Using neighbourhood data in Understanding Society
Where: University of Essex, Wivenhoe Park, Colchester, Essex, CO4 3SQ - View Map
Understanding Society facilitates exciting and innovative research about the UK’s society, including research into the relevance of neighbourhood and place for individual and societal wellbeing. In this introductory course, participants will gain skills in thinking about exciting research questions around “neighbourhoods” that can be addressed using Understanding Society and will be equipped with the basic tools that are involved in answering them. How much neighbourhood social capital is there in Britain and what are its individual, household and neighbourhood level correlates? How has neighbourhood social cohesion changed over time, and how does this matter? Participants will learn to navigate the Study’s extensive online resources to identify relevant study content and undertake some basic types of cross-sectional and longitudinal analyses in Stata.
The course is open to early career and postgraduate researchers from all disciplines and policy fields.
The course will be delivered as a combination of short lectures followed by practical in the computer lab. The course will be based on a series of hands-on-examples using Understanding Society neighbourhood data in Stata. There will be time for discussion and Q&A.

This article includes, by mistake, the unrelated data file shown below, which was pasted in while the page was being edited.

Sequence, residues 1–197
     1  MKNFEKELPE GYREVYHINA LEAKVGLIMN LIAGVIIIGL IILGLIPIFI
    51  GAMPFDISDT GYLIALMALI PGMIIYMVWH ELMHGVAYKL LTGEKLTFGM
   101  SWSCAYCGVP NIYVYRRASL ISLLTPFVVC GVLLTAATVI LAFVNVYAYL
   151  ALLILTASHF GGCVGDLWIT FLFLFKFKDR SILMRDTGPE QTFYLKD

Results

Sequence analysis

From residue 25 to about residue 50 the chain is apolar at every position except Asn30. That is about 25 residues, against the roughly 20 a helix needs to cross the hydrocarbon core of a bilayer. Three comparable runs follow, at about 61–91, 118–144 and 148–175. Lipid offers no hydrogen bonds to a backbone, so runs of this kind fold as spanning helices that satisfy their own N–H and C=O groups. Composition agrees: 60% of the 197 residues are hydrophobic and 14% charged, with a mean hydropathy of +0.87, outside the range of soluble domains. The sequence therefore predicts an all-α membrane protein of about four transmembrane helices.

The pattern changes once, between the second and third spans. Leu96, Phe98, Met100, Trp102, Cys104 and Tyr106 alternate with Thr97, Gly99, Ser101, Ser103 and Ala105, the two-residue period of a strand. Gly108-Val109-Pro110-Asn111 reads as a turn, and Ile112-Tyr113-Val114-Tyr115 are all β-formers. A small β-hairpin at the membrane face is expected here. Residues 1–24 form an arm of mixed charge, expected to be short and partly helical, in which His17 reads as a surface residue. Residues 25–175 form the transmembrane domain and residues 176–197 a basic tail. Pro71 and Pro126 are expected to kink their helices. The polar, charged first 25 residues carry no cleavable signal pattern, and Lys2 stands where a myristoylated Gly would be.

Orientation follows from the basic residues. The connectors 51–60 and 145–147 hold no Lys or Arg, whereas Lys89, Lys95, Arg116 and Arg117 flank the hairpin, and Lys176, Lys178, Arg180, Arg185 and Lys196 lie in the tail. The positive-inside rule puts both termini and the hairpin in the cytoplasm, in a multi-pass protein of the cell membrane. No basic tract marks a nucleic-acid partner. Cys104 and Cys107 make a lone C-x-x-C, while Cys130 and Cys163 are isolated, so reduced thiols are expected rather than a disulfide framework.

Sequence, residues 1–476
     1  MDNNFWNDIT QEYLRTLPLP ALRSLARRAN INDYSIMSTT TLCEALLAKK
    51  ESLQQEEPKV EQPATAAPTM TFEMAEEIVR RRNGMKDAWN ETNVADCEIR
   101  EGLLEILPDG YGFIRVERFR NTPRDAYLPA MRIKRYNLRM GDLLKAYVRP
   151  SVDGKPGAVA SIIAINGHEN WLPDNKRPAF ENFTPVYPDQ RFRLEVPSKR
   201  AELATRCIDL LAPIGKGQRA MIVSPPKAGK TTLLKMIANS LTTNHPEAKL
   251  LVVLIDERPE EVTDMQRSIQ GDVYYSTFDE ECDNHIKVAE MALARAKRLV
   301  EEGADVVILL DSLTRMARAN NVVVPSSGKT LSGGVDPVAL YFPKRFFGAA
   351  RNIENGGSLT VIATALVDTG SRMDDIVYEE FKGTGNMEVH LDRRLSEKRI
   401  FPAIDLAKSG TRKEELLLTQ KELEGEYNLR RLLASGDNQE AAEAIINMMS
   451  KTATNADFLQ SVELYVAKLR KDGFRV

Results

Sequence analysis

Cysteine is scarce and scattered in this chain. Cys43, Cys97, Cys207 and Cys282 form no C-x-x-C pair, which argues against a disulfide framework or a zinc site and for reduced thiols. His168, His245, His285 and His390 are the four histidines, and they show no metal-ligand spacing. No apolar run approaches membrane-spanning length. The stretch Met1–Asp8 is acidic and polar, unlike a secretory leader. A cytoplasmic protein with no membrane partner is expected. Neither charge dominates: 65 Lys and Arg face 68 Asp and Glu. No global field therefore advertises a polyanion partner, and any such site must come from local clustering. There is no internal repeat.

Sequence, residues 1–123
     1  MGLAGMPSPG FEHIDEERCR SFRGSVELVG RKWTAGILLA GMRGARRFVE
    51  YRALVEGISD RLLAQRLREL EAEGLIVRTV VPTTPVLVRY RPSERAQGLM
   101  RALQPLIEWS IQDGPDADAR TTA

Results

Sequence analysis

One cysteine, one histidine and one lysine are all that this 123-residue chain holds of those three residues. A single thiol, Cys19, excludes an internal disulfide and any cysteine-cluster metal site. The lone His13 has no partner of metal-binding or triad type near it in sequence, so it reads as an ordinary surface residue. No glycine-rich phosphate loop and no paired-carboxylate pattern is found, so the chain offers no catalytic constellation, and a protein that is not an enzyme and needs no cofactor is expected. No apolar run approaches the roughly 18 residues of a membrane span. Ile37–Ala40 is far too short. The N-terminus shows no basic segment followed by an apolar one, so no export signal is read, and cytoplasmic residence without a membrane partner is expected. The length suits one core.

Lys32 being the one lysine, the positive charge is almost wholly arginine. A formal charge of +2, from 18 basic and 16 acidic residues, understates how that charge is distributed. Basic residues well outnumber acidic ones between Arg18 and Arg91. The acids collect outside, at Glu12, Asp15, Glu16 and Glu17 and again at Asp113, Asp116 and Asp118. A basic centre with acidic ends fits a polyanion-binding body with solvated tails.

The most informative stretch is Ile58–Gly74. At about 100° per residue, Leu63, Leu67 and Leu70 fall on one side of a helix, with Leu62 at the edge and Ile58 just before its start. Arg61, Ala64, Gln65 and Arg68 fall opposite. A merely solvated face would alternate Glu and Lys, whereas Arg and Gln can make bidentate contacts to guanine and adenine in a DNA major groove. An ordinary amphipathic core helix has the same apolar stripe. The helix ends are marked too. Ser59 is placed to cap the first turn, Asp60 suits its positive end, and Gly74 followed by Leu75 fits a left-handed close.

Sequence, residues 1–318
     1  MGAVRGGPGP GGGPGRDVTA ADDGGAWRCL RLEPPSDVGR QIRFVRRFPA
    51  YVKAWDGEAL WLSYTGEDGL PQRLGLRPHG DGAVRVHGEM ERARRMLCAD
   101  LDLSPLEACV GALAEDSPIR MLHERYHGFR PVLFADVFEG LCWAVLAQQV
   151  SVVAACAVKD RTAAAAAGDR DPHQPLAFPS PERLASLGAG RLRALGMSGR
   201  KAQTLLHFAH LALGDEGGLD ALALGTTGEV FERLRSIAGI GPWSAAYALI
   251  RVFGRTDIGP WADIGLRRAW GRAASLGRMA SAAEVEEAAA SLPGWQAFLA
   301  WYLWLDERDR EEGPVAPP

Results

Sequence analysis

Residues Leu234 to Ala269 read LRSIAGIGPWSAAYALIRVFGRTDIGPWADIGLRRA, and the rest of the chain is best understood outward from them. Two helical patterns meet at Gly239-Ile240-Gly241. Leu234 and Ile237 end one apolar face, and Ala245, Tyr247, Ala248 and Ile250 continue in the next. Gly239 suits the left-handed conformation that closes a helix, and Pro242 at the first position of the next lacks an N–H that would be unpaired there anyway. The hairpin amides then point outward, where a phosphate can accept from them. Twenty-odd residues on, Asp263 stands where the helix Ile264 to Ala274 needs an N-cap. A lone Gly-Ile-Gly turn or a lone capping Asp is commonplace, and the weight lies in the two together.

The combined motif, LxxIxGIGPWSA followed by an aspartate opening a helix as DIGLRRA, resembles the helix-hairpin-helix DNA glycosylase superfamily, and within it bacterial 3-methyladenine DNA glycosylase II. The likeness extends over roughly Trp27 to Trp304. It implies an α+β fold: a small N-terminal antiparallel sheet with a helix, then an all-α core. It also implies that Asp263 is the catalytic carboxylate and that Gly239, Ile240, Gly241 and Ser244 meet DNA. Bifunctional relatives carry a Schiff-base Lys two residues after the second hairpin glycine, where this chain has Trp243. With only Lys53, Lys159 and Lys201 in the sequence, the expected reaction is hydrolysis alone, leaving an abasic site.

09.30-10.30: Understanding Society study in a nutshell (lecture)
10.30-12.30: Example 1: Using information collected in the survey
13.15-15.00: Example 2: Using linked geographical data
15.15-16.15: Example 3: Exploiting change over time
The course is developed and taught by Dr Gundi Knies, based at the Institute for Social and Economic Research.
Dr Knies is a member of the Understanding Society team and Topic Champion for Neighbourhoods on the Study’s Scientific Leadership Team. A Sociologist, Social Policy Analysist and Economist by training, she can draw on a wealth of different disciplinary approaches to undertaking innovative interdisciplinary research.
Participants will be given handouts of the slides, exercises and Stata do-files during the course. Electronic versions will be made available for download afterwards.
Participants are expected to have a basic working knowledge of Stata. Otherwise, participants may end up spending more time learning Stata than the complexities of using neighbourhood data in Understanding Society.
Participants not familiar with Stata commands are strongly encouraged to familiarise themselves with the course materials provided in the Introduction to Understanding Society training course. Previous course materials are available online and the Understanding Society team also host the Introduction to Understanding Society course in the two days before this workshop – booking information is here.